Just when it needs it most, the United States is losing its most potent weapon in the fight against climate change, which might better be called global pollution. One nuclear plant is closed in Vermont, two are under threat of closure in Illinois, and the only plant in climate-conscious California is to close.

Just these four plants represent a substantial withdrawal of clean, carbon-free electricity from the market, mostly to be replaced by natural gas, and some wind and solar. Gas will do the bulk of the generating, and it is a carbon-emitter — less than coal, but a carbon source nonetheless.

What is more, these plants are up and running, which means none of the pollution associated with construction, steel-making or quarrying will have to be repeated. Some, including Marvin Fertel, president of the Nuclear Energy Institute, have expressed fears that 20 more nuclear plants may yet close.

The ostensible reason for these closures is that market forces dictate them. That bald statement implies that electricity is bought and sold as freely as any multi-sourced commodity.

But electricity is not traded in any conventional way. And it is weighted in favor of the short term and political goals.

The trouble started when it was decided to deregulate electricity markets in the 1990s. The goal had nobility: Consumers would have choice. At least that is how it was sold by advocates, such as Enron.

Well, choice did not really work for consumers, but it has worked for some large industrial customers, who have been able to shop for price.

Mostly, deregulation has created two kinds of utilities: those that swallowed the deregulation pill, and those that did not, mostly in the South. The northern tier of utilities, under pressure from their state governments, deregulated, some even selling off their generating assets.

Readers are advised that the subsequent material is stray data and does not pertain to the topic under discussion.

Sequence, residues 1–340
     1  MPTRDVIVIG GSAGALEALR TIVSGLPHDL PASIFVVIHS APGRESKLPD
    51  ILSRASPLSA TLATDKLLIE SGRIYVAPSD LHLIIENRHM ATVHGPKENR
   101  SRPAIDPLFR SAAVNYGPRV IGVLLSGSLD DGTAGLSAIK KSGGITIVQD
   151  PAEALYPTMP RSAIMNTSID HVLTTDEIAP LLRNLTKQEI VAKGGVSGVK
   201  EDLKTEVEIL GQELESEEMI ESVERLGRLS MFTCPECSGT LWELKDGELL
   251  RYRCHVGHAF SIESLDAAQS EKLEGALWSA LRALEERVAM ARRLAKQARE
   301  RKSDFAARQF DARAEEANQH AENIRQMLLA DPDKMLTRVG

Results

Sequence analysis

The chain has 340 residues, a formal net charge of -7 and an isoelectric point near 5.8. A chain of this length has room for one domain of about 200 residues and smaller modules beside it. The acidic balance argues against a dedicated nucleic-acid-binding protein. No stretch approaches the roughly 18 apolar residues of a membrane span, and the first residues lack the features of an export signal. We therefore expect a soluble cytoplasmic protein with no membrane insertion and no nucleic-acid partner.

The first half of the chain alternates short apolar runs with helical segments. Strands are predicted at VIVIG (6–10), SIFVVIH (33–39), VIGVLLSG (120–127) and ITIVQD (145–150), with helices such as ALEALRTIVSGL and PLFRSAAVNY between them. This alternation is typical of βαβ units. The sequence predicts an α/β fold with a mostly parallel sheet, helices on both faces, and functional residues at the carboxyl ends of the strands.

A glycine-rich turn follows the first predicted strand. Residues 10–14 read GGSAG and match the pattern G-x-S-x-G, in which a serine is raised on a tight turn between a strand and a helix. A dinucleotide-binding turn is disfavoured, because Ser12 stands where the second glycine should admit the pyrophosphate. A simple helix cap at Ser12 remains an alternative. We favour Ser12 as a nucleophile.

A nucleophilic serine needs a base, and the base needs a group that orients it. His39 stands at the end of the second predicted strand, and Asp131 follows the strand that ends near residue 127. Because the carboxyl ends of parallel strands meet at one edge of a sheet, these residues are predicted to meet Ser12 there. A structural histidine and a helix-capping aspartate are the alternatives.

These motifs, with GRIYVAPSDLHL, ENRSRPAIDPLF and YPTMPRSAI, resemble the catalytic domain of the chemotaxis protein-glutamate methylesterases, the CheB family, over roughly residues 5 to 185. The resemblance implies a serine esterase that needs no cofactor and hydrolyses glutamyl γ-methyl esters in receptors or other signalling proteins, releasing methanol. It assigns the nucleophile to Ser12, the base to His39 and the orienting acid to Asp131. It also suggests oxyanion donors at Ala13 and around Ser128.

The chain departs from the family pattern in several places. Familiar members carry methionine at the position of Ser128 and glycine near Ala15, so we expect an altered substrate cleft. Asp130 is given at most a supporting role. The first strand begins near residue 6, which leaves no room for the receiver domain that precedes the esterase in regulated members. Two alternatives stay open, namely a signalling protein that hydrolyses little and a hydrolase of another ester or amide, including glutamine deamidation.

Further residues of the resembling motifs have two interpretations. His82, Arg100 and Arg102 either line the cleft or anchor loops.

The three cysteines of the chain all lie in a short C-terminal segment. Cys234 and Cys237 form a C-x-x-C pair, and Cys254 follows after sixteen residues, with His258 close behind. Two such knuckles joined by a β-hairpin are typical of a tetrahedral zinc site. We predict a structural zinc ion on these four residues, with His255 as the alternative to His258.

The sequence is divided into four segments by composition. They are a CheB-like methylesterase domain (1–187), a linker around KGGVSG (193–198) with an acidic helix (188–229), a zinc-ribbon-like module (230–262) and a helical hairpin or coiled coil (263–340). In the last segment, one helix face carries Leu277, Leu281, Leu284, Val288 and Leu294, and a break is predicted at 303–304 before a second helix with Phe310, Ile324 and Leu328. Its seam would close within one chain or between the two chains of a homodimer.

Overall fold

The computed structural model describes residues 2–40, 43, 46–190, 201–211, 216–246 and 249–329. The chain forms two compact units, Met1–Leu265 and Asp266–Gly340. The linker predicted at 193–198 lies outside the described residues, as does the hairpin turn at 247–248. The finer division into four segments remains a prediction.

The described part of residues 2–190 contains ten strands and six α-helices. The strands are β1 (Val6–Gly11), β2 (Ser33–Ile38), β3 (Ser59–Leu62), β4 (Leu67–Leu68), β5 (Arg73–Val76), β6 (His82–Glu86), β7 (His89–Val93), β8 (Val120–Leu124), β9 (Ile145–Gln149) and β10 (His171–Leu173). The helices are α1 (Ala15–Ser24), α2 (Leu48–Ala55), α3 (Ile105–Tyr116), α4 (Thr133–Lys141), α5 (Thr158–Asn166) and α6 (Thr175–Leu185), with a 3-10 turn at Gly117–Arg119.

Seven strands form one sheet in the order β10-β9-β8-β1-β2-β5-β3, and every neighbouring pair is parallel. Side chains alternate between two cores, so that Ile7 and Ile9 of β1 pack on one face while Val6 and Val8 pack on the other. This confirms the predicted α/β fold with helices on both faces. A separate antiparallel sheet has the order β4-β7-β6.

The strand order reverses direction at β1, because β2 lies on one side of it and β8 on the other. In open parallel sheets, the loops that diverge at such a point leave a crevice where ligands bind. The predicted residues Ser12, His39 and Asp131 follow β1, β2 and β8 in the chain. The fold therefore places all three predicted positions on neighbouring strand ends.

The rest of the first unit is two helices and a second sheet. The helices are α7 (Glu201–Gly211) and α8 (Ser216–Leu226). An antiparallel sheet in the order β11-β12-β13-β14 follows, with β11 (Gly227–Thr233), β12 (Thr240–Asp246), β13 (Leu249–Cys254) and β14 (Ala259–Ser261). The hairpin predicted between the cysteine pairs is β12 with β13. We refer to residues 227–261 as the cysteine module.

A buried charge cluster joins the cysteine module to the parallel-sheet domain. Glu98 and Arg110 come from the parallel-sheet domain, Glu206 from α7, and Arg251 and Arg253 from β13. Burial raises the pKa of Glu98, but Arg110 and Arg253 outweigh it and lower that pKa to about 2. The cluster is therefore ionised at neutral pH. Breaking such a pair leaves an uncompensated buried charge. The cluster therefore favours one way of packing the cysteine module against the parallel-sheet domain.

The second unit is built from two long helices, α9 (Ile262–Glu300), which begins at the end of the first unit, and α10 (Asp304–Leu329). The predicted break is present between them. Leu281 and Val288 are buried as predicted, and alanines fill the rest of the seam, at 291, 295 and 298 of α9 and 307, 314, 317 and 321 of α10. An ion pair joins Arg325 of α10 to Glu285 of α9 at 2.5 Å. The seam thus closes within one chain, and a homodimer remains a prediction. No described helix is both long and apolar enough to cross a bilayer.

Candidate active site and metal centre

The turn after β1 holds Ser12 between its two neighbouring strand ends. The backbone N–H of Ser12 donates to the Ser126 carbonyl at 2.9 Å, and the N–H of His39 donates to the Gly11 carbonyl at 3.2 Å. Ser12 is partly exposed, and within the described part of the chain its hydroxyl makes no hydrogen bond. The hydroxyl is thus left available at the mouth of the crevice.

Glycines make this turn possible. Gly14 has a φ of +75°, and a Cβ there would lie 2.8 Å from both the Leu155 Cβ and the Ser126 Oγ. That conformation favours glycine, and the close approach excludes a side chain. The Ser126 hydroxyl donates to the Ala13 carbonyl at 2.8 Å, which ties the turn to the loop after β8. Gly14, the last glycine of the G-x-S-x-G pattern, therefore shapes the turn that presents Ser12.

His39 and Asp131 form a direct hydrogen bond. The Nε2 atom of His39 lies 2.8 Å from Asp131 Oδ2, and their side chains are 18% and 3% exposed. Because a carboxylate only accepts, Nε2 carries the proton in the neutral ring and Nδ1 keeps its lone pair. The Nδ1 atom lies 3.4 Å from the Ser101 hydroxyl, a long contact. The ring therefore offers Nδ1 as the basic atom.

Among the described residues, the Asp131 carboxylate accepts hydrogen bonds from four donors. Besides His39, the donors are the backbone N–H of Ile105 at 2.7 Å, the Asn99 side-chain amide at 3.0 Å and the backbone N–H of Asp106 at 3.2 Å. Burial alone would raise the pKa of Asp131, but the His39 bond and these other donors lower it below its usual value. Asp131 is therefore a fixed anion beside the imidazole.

The result has been other than anticipated: Consumers have had little or no choice, and the market has set about exterminating long-lived plants, like nuclear, in favor of today’s cheapest fuel — at this moment, natural gas.

The utilities that have remained strictly regulated by their state utility commissions have been more secure financially and able to raise money more cheaply. The leader in this pack, the giant Southern Company, with headquarters in Atlanta, has become a technological innovator as well as a builder of new nuclear plant.

Deregulation of the telephone monopoly — often cited during the passion to deregulate electricity — created a profusion of innovations. By contrast, deregulating electricity has just brought about a rush to the cheapest fuel of the day.

Electric utilities operate what are known as natural monopolies. Competing entities cannot install a new set of transmission wires, so the deregulated electric market had to be contrived. It was also subject to political and cultural manipulation, as the solar and wind lobbies insisted that their product get preference. Coal was edged out financially, before environmental concerns.

Deregulated utilities have formed transmission organizations to rationalize the system. These are the independent system operators, such as the Midwest ISO or PJM in the Mid-Atlantic. They auction power, and the auction system favors the cheapest kilowatt on offer.

That sounds fair, right? Not quite. Some of the power comes from wind and solar, which has been subsidized by an array of tax preferences and other government supports.

Many states have renewable energy portfolios that decree that a percentage of the power has to come from these renewable resources. This is fine because they produce no carbon. But they do not produce that much reliable electricity either. It takes a lot of solar arrays or wind turbines — and then only when the sun is shining or the wind is blowing — to produce the same electricity as a nuclear power plant or an old-fashioned, coal-fired power plant. They need reliable backup — and that is natural gas, a fossil fuel.

Also to replace a nuclear plant with renewables chews up a lot of land, whether solar arrays or wind farms. Imperfect markets produce imperfect results.